Although the surname Craig can easily be identified with the Gaelic word for a cliff or outcrop of rock (such as Ailsa Craig or Craigellachie) its origin appears to go far back into the time of the Picts, a native race from North East Scotland, of which very little is known. The story goes that as the Scots began to expand into this area the Picts were allowed to remain there on condition that all future Kings agreed to marry Irish Princesses.
Very early records of this surname appear in Ayrshire and Lanarkshire around the 12th century and this surname appears on the Ragman Roll in 1296. Despite this the stronger lineage of the clan comes from Aberdeenshire, seated at Craigfintray Castle in Kildrumie and has been for a long time connected to the Gordon Clan.
Above, the memorial to the Battle of Culblean. John Craig led 300 of his clansmen into the battle between forces loyal to David II and forces loyal to Edward Balliol. It was a decisive victory for those loyal to the King. Memorial to the Battle of Culblean. John Craig led 300 of his clansmen into the battle between forces loyal to David II (pictured top) and forces loyal to Edward Balliol. It was a decisive victory for those loyal to the King.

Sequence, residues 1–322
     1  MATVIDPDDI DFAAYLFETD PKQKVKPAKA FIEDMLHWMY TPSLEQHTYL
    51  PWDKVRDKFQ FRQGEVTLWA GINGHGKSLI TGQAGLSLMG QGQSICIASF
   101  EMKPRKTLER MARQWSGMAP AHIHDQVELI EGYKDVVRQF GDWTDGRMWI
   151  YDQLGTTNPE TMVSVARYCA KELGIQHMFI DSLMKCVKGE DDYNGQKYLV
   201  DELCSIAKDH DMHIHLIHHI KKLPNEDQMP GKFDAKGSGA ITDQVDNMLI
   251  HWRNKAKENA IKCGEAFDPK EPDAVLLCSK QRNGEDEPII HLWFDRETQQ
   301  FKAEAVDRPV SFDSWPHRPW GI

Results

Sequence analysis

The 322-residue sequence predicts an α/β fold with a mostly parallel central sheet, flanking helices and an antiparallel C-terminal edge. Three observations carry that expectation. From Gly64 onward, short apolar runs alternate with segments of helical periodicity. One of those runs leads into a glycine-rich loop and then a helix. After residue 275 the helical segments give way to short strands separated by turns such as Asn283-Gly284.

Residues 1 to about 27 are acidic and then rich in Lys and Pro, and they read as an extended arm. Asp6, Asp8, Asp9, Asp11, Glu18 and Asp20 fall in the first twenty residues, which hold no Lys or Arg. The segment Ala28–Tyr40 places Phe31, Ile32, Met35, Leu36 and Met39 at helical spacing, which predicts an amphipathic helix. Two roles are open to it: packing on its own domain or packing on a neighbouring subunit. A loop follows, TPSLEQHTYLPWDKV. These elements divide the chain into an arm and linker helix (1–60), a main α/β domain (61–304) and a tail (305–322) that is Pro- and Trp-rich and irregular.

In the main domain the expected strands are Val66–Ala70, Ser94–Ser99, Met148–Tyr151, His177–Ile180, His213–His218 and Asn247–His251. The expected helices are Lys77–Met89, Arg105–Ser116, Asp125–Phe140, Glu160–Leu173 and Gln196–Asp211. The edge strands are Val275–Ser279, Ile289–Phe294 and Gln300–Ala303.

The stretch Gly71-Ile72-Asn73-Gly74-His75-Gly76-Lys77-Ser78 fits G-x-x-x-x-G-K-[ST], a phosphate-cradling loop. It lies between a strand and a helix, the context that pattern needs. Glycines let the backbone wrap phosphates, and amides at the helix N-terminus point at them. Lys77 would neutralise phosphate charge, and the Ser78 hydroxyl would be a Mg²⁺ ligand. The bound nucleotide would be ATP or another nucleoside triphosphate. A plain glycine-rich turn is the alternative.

John Craig led his clan in the battle of Culbean on the 30th of November 1335.
Around 1440 another branch of the clan developed near Berwick where they were granted Estircrag.
Richarde de Crag was the vicar at St Mary’s in Dundee in the 1550s and John Craig was imprisoned during the Reformation for adopting Protestantism. Fortunately he escaped and joined up with John Knox.
Sir Thomas Craig of Riccarton was a well known authority on Scottish Feudal Law. He was much admired by James VI and his work ‘Jus Feudale’ is still referred to in Scottish Law. His son Sir James Craig became one of the Scottish undertakers of the Ulster Plantation (N. Ireland) in 1610. His descendant James Craig of County Down was the son of a whiskey millionaire. During the 1920 he was an organiser for the Ulster Volunteer Force (UVF) who opposed Home Rule. In 1921 he became the first Prime Minister of Northern Ireland. He later became Viscount Craigavon.
The winning design for Edinburgh’s New Town (the part of Edinburgh which extends to the north of Princes Street) was James Craig and his grand Georgian street layout is more or less intact to this day.
The more commonly used Craig tartan was designed by McGregor-Hastie around 1957 and the colours are representative of earthy tones meant to symbolise the Rocks from which the surname derives.
The Craig crest, of a chevalier on horseback with a broken lance represents the ‘broken men’ from other clans who were granted the protection of the clan.